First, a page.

Google is being charged with content copying by none other than... Microsoft. They are complaining that Google is copying far too much information, information that many people make a living on. Google's been trying to make the whole web searchable, everything from books to news to magazines.
Although Google has been found guilty in Belgium of infringing copyright laws, it claims that all the content they search now complies with international copyright law. They say that they make sure that the content providers get the revenue and benefits that they deserve.
From Google's humble start, it's come a long way. It now basically runs the internet, providing many web applications that provide similar functionality to many standalone applications. The idea of running your computer from the web is appealing for the most part, and perhaps this is what helped Google grow in popularity. So many services are provided that it's nearly inexcusable for someone not to know what something is while they're on the internet.
Anyway, back to the point. Let's just say that Microsoft has a good point here. Google is copying a lot of information, and most of the information obtained from Google is not actually from it, it's from other content providers. However, let me ask you this: since when did Microsoft start representing the general well-being of the content creators? Just when did Microsoft become a law-infringement prosecutor?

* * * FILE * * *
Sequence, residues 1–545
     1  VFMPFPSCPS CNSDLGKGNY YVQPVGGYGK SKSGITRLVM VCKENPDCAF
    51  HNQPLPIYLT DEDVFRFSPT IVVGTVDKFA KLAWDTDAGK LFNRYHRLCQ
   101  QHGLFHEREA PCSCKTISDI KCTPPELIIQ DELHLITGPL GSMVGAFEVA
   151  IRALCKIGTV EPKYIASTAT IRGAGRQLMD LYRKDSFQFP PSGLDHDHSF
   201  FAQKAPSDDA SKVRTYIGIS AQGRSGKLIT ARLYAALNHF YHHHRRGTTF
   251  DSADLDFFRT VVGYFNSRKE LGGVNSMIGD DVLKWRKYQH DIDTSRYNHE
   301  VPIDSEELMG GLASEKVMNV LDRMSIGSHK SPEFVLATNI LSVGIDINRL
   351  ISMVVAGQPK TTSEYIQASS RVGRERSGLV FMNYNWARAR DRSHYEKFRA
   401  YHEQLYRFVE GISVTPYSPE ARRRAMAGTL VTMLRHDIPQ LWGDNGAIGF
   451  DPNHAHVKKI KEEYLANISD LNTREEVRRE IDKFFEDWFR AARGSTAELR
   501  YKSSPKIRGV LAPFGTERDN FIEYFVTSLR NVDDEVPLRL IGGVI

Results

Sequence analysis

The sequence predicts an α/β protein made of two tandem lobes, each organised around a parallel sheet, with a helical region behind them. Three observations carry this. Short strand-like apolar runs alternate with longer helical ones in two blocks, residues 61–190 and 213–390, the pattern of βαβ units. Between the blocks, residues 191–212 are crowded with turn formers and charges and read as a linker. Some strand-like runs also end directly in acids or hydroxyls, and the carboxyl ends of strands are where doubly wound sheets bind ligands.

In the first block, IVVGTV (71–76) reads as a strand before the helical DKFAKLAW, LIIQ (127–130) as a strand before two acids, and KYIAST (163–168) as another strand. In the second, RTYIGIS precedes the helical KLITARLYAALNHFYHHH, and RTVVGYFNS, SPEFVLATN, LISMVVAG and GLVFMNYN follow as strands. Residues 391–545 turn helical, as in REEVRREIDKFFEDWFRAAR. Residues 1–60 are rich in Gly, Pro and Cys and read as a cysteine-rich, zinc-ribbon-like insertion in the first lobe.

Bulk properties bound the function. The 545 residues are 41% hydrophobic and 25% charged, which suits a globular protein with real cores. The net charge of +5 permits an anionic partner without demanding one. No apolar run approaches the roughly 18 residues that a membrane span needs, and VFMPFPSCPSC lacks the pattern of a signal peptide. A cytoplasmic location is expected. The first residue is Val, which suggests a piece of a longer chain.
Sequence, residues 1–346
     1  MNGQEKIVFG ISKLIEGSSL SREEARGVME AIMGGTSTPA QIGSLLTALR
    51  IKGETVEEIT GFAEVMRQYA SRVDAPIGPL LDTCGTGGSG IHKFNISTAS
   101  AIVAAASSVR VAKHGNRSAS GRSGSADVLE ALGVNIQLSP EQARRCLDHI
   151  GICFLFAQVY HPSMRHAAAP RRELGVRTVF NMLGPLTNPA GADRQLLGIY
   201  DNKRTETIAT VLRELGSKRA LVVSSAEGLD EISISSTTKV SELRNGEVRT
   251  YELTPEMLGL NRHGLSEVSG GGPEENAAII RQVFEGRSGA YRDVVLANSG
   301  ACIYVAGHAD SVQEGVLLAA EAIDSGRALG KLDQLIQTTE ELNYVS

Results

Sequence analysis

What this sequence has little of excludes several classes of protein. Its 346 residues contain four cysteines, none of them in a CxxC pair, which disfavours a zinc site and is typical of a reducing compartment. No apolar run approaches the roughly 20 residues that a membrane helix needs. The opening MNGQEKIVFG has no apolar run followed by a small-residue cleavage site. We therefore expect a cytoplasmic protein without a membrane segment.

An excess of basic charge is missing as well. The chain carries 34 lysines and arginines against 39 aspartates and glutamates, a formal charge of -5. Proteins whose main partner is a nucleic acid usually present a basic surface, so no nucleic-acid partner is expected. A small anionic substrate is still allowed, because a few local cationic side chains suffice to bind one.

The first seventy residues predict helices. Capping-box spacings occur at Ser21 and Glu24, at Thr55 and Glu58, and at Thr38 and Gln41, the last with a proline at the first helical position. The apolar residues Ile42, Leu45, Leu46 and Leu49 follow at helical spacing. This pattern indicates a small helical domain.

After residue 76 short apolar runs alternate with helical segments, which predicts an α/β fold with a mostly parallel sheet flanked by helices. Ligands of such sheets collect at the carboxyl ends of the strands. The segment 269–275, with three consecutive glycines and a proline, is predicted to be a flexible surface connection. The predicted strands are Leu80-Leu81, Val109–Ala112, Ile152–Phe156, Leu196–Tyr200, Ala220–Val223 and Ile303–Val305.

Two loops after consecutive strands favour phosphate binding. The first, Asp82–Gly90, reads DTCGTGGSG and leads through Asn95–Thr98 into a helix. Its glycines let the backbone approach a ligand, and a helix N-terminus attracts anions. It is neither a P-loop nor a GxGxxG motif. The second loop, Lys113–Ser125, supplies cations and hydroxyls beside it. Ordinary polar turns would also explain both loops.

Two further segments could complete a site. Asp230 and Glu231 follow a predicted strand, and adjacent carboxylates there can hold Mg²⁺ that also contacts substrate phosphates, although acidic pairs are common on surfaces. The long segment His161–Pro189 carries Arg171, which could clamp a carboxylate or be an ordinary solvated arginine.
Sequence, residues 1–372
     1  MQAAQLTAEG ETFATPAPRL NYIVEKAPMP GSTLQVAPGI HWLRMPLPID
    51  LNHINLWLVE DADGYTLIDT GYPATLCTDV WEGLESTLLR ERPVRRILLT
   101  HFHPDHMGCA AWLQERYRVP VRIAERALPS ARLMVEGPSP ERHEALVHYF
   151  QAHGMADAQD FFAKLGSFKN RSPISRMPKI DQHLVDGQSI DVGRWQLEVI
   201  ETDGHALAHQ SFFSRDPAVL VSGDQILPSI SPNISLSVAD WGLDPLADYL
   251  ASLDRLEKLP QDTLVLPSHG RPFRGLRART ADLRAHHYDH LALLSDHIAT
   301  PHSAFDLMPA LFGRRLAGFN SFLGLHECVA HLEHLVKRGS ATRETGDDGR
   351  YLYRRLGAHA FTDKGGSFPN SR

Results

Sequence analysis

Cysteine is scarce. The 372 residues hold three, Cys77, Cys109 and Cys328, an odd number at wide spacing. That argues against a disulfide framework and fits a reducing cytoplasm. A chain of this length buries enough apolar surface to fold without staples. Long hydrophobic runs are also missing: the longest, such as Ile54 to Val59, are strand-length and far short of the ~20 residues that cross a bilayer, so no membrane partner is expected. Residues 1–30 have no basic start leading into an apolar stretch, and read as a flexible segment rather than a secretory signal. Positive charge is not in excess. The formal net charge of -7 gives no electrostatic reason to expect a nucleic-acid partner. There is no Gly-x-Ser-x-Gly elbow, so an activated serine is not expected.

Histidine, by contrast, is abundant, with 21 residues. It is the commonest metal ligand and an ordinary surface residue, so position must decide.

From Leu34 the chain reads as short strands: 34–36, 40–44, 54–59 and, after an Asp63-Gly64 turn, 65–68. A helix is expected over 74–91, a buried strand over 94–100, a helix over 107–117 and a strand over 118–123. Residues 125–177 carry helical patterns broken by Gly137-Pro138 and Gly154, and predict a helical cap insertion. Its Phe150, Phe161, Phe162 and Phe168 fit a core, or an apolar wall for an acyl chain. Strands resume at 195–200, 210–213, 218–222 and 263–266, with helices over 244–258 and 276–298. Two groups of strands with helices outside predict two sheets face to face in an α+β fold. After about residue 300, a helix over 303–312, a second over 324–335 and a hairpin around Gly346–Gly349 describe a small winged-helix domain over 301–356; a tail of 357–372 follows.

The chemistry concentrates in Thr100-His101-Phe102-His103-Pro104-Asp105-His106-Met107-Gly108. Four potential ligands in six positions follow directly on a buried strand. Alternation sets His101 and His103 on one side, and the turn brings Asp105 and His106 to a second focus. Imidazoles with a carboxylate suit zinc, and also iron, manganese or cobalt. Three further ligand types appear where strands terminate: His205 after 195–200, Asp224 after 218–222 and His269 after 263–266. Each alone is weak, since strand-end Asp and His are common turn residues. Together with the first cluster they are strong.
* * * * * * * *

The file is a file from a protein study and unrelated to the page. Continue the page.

Something tells me that there's more than this involved. Since Google's massive and impressive growth, they've been presenting a significant challenge to Google, as we have seen in the past. This is Microsoft's way to get back at Google, in a legal way.
Most of the bases of charge are from Google's YouTube and Google Video services which offer a lot of videos infringing a copyright law-or-two. I think it's still stupid to go after Google though. Isn't it obvious that Google's trying to clean up the services? I don't know if it's just my opinion or what, but Google seems to be pretty responsive in terms of illegal content in their service.
Regardless of opinions, the attack will begin today from Microsoft. It'll be interesting to see how it turns out.